"Over the years, I have visited Yemen several times. I worked in Yemen during the Arab Spring uprising for an aid organisation in 2011-2012 and I was really excited when I got posted to Yemen again with the EU’s humanitarian office in September 2014.
Since March 2015, Yemen has been experiencing a devastating civil war between forces loyal to the internationally-recognised government and those allied to the Houthi movement. It has been heart-breaking to see what has happened to this amazing country and the suffering the war is causing for ordinary people. Yemen is one of the worst humanitarian crises the world is witnessing these days, if not the biggest. Since the war started, life has become extremely difficult for average Yemenis. Basic things that we in Europe take for granted such as food, clean drinking water, healthcare, and education have become inaccessible for a large part of the population. Just imagine how it must feel for a parent to not be able to give your children enough to eat when they are hungry or go to a doctor when they are ill. All in all, an estimated 22.2 million people – 80 percent of the population – are in need of humanitarian assistance or protection. This includes 11.3 million deemed to be in acute need; an increase of more than one million people since June 2017. The country is also suffering the largest cholera outbreak ever recorded in modern history, with over one million suspected cases reported in 2017 and over 2 200 deaths.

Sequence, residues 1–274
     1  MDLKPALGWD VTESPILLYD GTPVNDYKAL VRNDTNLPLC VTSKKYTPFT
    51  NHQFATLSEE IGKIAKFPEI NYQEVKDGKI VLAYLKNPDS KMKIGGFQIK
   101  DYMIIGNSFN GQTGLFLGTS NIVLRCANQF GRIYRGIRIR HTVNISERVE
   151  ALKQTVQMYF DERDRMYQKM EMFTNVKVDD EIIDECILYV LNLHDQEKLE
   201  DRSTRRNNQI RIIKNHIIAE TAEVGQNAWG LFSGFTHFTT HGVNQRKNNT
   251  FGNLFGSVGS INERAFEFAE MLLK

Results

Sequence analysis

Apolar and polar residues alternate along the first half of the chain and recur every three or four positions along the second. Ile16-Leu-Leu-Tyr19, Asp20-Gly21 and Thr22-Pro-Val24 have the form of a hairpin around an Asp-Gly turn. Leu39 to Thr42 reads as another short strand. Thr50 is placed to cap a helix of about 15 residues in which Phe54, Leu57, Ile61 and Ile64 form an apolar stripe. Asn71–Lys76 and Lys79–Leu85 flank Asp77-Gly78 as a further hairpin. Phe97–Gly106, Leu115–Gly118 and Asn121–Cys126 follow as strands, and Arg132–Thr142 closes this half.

As a technical assistant with the EU, I have been responsible for managing EU funding for humanitarian programmes in Yemen. Considering the scale of the crises, the portfolio of EU-funded humanitarian projects has significantly increased since I started my posting in 2014. Our interventions range from shelter and food aid for people displaced by the conflict to provision of basic healthcare.
Although I have worked in many other humanitarian crises before, it was the visits to the therapeutic feeding centres which impacted me most at the personal level. These are centres which, with the support of EU funding, provide life-saving treatment to severely malnourished children. It is very hard to see small children suffer from a war they have no part in.
Luckily I have also been able to make several visits to children back in their villages after they recovered. One of them was living in a village in the far north of the country close to Yemen’s border with Saudi Arabia. The family lived in a straw hut in an arid desert-like environment. However, after the child had been treated for malnutrition, the EU also provided the family with a small kitchen garden to grow fresh food. This meant the family could get on with their lives without constantly worrying about where the next meal would come from.
It has been an intense and rewarding three years with the EU in Yemen. Peace cannot return soon enough to allow people to rebuild their lives. Hopefully one day there will no longer be a need for humanitarian workers, and students and tourists will return to Yemen to get to know the country as I did."